**megauthi@watcgl.waterloo.edu (Marc E. Gauthier)** (03/21/91)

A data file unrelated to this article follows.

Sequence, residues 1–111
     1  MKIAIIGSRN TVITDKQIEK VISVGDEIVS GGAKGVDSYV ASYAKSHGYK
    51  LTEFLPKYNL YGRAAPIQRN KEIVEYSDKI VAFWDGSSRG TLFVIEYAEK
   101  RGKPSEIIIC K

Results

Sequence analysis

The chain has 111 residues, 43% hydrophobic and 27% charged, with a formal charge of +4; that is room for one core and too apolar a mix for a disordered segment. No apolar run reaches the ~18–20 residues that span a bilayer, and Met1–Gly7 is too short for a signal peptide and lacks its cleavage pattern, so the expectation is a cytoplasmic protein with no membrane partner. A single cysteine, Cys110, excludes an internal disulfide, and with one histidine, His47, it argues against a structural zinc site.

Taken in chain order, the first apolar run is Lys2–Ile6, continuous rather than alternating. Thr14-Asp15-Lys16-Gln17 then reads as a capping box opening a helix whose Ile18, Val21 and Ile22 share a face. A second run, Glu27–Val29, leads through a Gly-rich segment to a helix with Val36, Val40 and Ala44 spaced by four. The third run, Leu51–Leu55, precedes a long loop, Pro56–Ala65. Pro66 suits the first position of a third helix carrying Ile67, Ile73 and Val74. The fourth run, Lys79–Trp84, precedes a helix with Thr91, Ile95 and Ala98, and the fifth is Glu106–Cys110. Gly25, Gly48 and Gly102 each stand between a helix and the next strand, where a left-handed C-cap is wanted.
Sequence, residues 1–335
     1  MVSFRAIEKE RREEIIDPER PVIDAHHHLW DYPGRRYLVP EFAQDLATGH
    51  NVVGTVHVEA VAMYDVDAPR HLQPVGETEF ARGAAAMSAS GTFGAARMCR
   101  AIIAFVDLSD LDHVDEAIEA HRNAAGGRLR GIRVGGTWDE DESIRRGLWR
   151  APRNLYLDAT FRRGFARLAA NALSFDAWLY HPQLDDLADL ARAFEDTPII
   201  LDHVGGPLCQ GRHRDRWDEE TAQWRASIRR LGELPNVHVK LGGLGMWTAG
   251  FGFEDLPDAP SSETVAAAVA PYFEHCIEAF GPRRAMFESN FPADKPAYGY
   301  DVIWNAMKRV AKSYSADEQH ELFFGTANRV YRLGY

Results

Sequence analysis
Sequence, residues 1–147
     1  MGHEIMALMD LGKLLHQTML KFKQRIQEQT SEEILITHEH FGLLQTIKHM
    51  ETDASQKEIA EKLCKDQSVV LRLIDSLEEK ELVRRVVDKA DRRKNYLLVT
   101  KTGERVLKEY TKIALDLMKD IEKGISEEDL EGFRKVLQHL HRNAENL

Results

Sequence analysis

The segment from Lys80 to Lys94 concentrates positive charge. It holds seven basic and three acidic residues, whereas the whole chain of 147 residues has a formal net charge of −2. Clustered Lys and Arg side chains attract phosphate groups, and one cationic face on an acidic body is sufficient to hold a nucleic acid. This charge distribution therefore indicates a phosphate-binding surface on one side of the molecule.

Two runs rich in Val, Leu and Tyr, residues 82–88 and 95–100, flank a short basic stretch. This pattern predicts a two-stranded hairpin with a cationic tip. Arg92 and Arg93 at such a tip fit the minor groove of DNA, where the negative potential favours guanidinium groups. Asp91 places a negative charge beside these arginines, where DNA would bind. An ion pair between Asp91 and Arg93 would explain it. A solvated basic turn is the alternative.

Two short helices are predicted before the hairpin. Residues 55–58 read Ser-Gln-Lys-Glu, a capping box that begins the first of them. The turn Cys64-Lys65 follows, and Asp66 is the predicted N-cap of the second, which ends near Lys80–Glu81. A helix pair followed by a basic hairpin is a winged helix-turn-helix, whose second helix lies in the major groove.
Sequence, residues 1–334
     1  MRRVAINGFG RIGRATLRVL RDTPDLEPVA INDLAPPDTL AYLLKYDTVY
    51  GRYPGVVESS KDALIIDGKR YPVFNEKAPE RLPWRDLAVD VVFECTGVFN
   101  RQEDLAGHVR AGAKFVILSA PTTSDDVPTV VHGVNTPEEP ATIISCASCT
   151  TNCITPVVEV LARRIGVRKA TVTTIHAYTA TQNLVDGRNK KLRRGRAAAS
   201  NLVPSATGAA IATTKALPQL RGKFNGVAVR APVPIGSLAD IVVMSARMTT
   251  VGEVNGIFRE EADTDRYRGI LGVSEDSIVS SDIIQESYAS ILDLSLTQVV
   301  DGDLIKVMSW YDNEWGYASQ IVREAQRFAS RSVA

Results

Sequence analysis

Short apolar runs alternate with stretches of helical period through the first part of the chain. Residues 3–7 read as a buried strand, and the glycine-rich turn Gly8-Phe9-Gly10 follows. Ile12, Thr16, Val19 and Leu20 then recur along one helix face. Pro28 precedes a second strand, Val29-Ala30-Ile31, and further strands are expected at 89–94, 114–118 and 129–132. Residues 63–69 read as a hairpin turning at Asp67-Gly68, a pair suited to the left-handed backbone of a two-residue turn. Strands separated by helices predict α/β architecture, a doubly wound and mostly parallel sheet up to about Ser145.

In article <1991Mar20.003336.14691@sunee.waterloo.edu> rchann@sunee.waterloo.edu (Robert Chann) writes: >I'm trying to implement a mean value filter. That is, using an nxn >window, each picture element is substituted by the mean value of the >(nxn) neighbouring picture elements. > >Apparently, by using a "sophisticated" implementation, no more than >approximately two additions per pel are required for the filtering. >The number of addition is nearly independent of the filter window >size and no multiplication is necessary. > >Does anyone know how this "sophisticated" implementation work? Thinking about it for a few minutes, you can figure out a very simple way to do this, but what I've come up with requires approximately 2 additions, 2 subtractions, and 1 scaling, per pixel. First apply along one dimension (say, X); compute the sum (not necessarily the mean; just add up n pixels) for the first pixel (I will skip over how you handle edges; you could define pixels outside the picture as 0 valued), then for each successive pixel across the line, all you have to do is add the value of the pixel which enters the window, and subtract the value of the pixel which exits the window (in effect, a "sliding" window). Then simply repeat for the other dimension (Y); it's easy to verify that what you will get for each pixel is the sum of all pixels in the n x n window that surrounds it (if you start adding at the right place); now all you have to do is scale these values (divide by nxn). If nxn is a power of 2 (e.g. a window of 16x16), then scaling is very cheap, since for integers you can shift the bits, and for floats you adjust the exponent. (If you use integers you might want to scale more often to keep numbers within your integers' range.) If you find a way to do it with 2 ops per pixels (!), please post. >Thank you all in advance! > >Robert Chann >(rchann@sunee.waterloo.edu) -Marc -- Marc E. Gauthier megauthier@watcgl.waterloo.edu University of Waterloo 129.97.128.64 885-1211 x3469 or x4548